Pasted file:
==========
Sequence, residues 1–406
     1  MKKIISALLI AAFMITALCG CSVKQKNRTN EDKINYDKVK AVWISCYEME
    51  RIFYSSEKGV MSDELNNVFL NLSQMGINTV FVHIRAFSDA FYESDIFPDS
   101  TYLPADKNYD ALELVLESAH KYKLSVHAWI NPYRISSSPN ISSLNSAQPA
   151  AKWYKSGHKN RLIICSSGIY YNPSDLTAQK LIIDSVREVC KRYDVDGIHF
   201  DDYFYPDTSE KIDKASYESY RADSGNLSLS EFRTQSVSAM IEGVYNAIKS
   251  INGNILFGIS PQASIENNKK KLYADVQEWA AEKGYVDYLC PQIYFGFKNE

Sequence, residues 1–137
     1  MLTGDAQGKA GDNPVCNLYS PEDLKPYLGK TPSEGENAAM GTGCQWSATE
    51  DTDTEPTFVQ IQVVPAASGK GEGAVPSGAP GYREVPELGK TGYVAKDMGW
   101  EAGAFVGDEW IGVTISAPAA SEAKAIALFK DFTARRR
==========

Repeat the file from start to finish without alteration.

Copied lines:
Sequence, residues 1–406
     1  MKKIISALLI AAFMITALCG CSVKQKNRTN EDKINYDKVK AVWISCYEME
    51  RIFYSSEKGV MSDELNNVFL NLSQMGINTV FVHIRAFSDA FYESDIFPDS
   101  TYLPADKNYD ALELVLESAH KYKLSVHAWI NPYRISSSPN ISSLNSAQPA
   151  AKWYKSGHKN RLIICSSGIY YNPSDLTAQK LIIDSVREVC KRYDVDGIHF
   201  DDYFYPDTSE KIDKASYESY RADSGNLSLS EFRTQSVSAM IEGVYNAIKS
   251  INGNILFGIS PQASIENNKK KLYADVQEWA AEKGYVDYLC PQIYFGFKNE

Sequence, residues 1–137
     1  MLTGDAQGKA GDNPVCNLYS PEDLKPYLGK TPSEGENAAM GTGCQWSATE
    51  DTDTEPTFVQ IQVVPAASGK GEGAVPSGAP GYREVPELGK TGYVAKDMGW
   101  EAGAFVGDEW IGVTISAPAA SEAKAIALFK DFTARRR